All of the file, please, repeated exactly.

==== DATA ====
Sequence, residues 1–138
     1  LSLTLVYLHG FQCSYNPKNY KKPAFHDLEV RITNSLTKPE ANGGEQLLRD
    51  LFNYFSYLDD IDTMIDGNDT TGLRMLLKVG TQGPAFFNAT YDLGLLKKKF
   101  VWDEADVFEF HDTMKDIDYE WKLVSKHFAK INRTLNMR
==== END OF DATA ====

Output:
Sequence, residues 1–138
     1  LSLTLVYLHG FQCSYNPKNY KKPAFHDLEV RITNSLTKPE ANGGEQLLRD
    51  LFNYFSYLDD IDTMIDGNDT TGLRMLLKVG TQGPAFFNAT YDLGLLKKKF
   101  VWDEADVFEF HDTMKDIDYE WKLVSKHFAK INRTLNMR